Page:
Cancer insurance questions 'must end for survivors'
Cancer survivors should not have to declare their former diagnosis to insurance firms years after going into complete remission, a campaign group has told the BBC.
Youth Cancer Europe said this elevated prices, with one man quoted £3,000 for insurance for two weeks in Australia.
Tory and Labour MPs called for the "discrimination" to end.
The Association of British Insurers said it was speaking with cancer charities and consumer groups.
Youth Cancer Europe told the BBC's Victoria Derbyshire programme those given the all-clear from cancer still face a "lifetime penalty" of expensive travel insurance.
"To put it in perspective, convicted persons in the European Union have their criminal record expired within several years after serving the sentence," it said.
"Cancer survivors, on the other hand, must declare their cancer history throughout their life and continue to suffer discrimination."
The group wants the UK government to implement a similar system to France, where cancer survivors no longer have to inform insurers or loan agencies about their diagnosis after a period of 10 years after their treatment has ended - or five years for anyone who was under 18 when they had treatment.
Twenty-three-year-old Seren Hughes, who was diagnosed with ovarian cancer in 2015, said the current situation was "completely unfair", having been charged more for travel insurance than her flights during a recent trip to Brussels.
"I've had the all-clear for three years and have just recently run a marathon, but I'm seen as a massive risk.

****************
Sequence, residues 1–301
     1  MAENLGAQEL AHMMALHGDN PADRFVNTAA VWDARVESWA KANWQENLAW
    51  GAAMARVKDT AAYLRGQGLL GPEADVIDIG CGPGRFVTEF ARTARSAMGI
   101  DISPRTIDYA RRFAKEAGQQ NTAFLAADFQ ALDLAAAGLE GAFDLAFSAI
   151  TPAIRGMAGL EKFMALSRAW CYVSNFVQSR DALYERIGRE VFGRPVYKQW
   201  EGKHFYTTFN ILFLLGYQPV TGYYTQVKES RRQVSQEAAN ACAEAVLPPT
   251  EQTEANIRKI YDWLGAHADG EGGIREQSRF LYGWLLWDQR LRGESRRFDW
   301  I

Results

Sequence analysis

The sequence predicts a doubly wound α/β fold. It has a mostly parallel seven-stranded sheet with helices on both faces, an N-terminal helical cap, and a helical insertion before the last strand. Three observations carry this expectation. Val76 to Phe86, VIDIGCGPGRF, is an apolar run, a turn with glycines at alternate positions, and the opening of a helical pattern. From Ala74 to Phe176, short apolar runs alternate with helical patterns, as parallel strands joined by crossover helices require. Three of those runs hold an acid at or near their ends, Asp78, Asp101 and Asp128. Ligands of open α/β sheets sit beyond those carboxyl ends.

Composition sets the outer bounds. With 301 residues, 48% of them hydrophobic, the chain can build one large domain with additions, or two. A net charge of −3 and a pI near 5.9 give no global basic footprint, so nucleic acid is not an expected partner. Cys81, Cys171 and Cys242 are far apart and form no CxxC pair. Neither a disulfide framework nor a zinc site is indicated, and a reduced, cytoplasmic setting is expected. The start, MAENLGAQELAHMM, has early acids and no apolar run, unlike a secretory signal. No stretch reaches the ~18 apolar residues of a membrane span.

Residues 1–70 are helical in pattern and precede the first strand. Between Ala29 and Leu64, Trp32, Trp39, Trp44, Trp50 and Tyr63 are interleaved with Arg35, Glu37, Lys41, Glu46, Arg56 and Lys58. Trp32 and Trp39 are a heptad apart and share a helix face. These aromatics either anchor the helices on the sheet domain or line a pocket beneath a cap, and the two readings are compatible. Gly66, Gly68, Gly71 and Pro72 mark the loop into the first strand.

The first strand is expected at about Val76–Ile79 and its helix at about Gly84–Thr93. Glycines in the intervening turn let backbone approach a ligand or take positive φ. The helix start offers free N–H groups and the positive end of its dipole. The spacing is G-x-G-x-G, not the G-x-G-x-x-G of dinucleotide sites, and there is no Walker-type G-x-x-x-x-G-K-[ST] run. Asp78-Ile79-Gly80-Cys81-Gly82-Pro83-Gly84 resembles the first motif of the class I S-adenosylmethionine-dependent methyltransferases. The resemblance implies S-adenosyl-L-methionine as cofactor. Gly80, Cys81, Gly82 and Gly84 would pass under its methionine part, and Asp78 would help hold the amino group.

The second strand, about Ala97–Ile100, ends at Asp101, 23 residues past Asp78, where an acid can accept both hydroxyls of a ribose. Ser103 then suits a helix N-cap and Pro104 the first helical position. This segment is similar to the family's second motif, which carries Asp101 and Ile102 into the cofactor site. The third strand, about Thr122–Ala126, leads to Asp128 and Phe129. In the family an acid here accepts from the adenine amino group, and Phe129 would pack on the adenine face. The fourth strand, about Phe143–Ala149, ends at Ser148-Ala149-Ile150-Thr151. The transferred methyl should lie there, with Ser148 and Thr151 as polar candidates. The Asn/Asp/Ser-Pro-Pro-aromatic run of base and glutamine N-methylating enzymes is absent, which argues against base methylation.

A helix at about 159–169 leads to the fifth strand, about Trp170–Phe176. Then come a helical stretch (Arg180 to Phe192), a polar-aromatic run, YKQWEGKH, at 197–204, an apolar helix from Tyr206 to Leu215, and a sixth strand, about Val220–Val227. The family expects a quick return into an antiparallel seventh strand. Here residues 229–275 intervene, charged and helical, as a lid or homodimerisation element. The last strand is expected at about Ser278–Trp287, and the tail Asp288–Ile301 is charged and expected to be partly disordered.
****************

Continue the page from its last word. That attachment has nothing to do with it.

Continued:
"Cancer impacts your life enough, never mind not being able to get insurance to go to a family wedding."
Youth Cancer Europe said one 22-year-old man had been quoted £3,000 for insurance for a two-week holiday to Australia, three years after being told he was cancer-free. He decided to travel without insurance.
Labour MP Ben Bradshaw, who sits on the cross-party Health and Social Care Committee, told the Victoria Derbyshire programme: "this would appear to be a glaring injustice", with those affected "facing unjustified discrimination".
"This situation could become much more serious in March next year if there is a hard or no-deal Brexit," he added, "as the European Health Insurance Card would become invalid and UK visitors to the continent would also need to take out health insurance".
He said for cancer survivors this "could be prohibitively expensive".
Conservative MP Mark Pritchard added that "discrimination against cancer sufferers needs to end.
"This needs to be led by the insurance industry, who might be guilty of exploiting those who are seriously ill. I hope ministers will intervene and demand answers."
SNP MP Lisa Cameron said: "We must redress this insurance injustice.
"If medical opinion says they have the all-clear, insurance companies cannot simply ignore it and charge astronomical fees."
The Association of British Insurers said: "This is an important issue and we are already working with the regulator, the wider industry and consumer bodies on how to improve the customer experience for people with pre-existing medical conditions.
"We also want to continue our dialogue with cancer charities on these issues and work with them to help improve access to insurance."
Watch the BBC's Victoria Derbyshire programme on weekdays between 09:00 and 11:00 BST on BBC Two and the BBC News Channel in the UK and on iPlayer afterwards.